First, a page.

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Supreme Court lays down the Principles applicable for the compassionate appointment with regards to Article 39 of the Indian Constitution

Kavya Sharma ,
  22 March 2023       Share Bookmark

Court :
Brief :

Citation :




3rd March, 2023







The Hon’ble Supreme Court (hereinafter referred to as ‘Supreme Court’ or ‘the Court’), has held that since a compassionate appointment is not an inherent privilege, it was decided as such that after a significant period of time has passed since the employee's passing, a dependent's request for a sympathetic meeting may not be taken into consideration.


Constitution of India 1950

  • Article 39 – states the directive principle of the state policy with respect to the standard of living of a person.


  • The Burdwan Municipality in West Bengal's dead workers' relatives submitted applications in 2006. The Municipality requested a three-person committee of the Chairperson, Executive Officer, and Deputy Director of Local Bodies, Burdwan Division to conduct an investigation to ascertain whether the candidates qualified for appointments on a humanitarian basis.
  • The Chairperson then transmitted a letter in 2013 seeking permission for a nomination made out of sympathy. The Director of Local Bodies received the suggested list of qualified applicants.
  • However, the Director of Local Bodies did not initiate any further action. As a result, one of the qualified applicants petitioned the Calcutta High Court in 2015 to be appointed on humanitarian grounds.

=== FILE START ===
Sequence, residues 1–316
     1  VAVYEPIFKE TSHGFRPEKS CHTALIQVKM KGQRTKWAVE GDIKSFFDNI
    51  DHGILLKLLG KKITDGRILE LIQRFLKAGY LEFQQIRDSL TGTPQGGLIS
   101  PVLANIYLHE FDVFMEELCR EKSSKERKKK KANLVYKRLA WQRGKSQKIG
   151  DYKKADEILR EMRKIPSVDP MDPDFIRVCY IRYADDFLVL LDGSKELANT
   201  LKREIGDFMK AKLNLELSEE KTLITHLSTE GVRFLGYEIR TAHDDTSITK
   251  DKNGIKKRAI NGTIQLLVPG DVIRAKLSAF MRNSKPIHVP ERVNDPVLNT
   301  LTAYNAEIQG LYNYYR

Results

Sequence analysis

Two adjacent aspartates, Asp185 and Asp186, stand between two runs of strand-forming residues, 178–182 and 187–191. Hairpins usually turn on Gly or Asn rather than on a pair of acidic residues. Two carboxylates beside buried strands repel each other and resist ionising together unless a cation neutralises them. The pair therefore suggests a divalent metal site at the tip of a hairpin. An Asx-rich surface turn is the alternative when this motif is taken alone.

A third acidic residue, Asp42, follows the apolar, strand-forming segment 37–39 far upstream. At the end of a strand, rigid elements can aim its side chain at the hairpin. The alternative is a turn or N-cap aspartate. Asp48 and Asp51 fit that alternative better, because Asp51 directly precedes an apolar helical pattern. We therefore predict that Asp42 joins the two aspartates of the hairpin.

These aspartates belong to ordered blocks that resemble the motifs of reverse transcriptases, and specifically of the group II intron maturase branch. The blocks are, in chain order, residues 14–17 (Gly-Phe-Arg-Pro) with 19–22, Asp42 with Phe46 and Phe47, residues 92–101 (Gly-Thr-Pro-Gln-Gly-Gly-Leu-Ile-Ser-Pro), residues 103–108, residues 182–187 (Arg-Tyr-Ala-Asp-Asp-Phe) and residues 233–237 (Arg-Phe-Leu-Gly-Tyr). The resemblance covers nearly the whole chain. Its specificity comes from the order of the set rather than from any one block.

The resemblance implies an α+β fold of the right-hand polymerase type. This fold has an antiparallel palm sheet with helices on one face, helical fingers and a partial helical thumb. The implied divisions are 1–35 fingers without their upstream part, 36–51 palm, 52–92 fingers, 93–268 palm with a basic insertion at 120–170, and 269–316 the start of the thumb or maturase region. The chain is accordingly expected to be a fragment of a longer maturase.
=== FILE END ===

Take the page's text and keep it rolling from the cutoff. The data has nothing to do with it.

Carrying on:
• The High Court instructed the municipal authorities to make a choice within ten weeks and inform the Chairperson of that decision a week later.
  • The Director of Local Bodies issued an order saying that Urban Local Bodies did not have the power to evaluate appointments made on compassionate grounds. A writ appeal challenging the said ruling was submitted to the High Court.
  • A group of petitions concerning the same problem were reviewed by the High Court, and they were all dismissed. The Single Judge observed that the Municipality lacks a recognized program for sympathetic appointments.
  • Before a Division Bench, which approved the appeal, the Single Judge's ruling was contested. The Division Bench instructed the relevant authorities to take into account the petitions for humanitarian appointments after identifying the program within which the appointments can be taken into consideration.
  • The current appeal has been filed against the judgment of the division bench of High Court, which set aside the verdict of the single judge of the high court. 


  • Is it correct that the Division Bench of the High Court of Calcutta allowed the challenges brought by the Respondents-Writ Petitioners and ordered that the Appellant take into account their requests for sympathetic appointments?